In football parlance, Dollar General
Sales at Dollar General have consistently risen, thanks to rapid store expansion. Over the past several years, gross margins have held up, while operating margins have slid, causing shareholders' return on equity to fall. Since peaking in 1999, Dollar General has doubled its sales and store count, only to watch its stock decline from $24 to less than $16. To make matters worse, Dollar General's stock has fared worse than those of competitors Family Dollar Stores
Such sluggish performance and suboptimal operating performance make perfect fodder for a rumored private-equity buyout. If that rumor becomes a reality, current management might be called off the field, letting Dollar General's backups strut their stuff on the next set of downs. So what plays will management call to create shareholder value?
First call: Buy back stock
The board of directors authorized a $500 million share-buyback plan, in hopes that investors will recognize that the stock is undervalued. It won't hurt that any actual repurchases will leverage bottom-line earnings growth.
Second call: Turn it around
This play is more complex, including a reformatting of new stores, the closure of 400 underperforming locations, and increased operational efficiencies through better inventory management. The initiative is designed to show that current management is as capable as any private equity investor in wringing better operating performance out of the company.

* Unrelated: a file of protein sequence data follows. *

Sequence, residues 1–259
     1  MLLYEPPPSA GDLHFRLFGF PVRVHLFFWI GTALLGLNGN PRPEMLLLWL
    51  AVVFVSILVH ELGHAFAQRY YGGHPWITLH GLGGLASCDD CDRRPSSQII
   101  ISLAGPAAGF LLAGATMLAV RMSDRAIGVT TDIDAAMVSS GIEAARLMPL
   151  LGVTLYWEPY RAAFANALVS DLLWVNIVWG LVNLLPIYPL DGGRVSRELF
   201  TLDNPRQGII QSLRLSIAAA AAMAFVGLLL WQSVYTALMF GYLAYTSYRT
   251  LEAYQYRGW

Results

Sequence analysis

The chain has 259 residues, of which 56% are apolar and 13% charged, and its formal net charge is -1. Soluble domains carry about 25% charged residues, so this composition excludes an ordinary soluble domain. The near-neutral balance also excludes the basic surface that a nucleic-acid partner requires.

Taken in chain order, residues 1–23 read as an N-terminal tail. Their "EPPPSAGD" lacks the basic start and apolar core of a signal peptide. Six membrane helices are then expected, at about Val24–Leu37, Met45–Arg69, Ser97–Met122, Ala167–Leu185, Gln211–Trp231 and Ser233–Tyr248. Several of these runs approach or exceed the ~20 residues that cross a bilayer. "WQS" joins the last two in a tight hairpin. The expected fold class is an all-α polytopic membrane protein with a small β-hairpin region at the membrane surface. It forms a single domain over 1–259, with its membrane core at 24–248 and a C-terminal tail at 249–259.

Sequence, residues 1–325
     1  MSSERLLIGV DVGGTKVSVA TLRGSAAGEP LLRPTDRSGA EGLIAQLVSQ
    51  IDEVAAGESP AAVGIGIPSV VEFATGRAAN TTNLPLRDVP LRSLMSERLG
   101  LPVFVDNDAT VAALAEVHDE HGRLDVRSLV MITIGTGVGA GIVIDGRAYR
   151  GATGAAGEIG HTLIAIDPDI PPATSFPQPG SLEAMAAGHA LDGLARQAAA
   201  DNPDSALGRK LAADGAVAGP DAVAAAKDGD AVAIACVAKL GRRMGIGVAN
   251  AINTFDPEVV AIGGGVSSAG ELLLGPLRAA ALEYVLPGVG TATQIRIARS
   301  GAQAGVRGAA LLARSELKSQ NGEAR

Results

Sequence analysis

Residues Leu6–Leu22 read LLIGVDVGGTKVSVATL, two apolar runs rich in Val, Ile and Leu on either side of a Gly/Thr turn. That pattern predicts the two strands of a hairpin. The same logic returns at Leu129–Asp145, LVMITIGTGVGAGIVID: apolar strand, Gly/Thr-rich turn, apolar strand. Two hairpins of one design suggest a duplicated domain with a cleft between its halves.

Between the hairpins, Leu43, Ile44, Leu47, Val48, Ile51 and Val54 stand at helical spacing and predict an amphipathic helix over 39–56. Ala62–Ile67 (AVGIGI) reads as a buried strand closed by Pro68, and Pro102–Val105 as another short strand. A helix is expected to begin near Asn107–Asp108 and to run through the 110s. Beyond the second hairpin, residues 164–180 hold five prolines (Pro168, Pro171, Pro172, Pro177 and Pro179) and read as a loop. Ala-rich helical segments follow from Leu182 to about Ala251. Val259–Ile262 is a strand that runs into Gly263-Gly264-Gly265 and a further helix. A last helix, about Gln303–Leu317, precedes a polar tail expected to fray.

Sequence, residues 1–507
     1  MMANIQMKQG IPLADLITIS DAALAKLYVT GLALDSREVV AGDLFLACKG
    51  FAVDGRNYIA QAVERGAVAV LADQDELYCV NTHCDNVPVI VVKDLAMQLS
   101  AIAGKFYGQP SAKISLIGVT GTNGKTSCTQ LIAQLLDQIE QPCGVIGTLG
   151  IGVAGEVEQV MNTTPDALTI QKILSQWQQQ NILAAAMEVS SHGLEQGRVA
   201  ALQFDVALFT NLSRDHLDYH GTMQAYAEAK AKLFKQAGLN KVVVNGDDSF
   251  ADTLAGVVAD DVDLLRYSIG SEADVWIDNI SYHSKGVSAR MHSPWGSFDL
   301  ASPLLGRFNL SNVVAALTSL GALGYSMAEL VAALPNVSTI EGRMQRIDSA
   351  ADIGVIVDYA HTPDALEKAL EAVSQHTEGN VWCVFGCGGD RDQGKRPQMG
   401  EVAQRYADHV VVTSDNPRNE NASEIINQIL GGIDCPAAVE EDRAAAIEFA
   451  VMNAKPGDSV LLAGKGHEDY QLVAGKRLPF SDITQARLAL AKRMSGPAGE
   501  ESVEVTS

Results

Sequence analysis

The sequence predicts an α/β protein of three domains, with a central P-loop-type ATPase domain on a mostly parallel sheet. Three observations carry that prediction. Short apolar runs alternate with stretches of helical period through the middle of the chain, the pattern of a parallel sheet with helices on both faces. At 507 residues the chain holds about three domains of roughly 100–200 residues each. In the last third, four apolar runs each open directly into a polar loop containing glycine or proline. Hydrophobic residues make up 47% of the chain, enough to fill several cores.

Held in reserve
Thus far, Dollar General has kept one play in reserve: raising the company's dividend. Consider Home Depot
I think Dollar General's management is calling the right plays. Operations honestly don't look bad enough for a Hail Mary or a punt. At an enterprise-to-revenue multiple of 0.63, it trades in line with competitors Family Dollar, which trades at 0.66, and Wal-Mart, which trades at 0.68. These valuations don't look cheap enough for private equity to get involved, even given its ongoing bubble. Still, Dollar General's management can't afford to rest on its laurels: It needs to stay focused on creating value whenever possible.
Further general-interest Foolishness:
Fool contributor Matthew Crews welcomes your feedback -- really! He has a financial position in Dollar Tree, but in none of the other companies mentioned. The Motley Fool has an ironclad disclosure policy.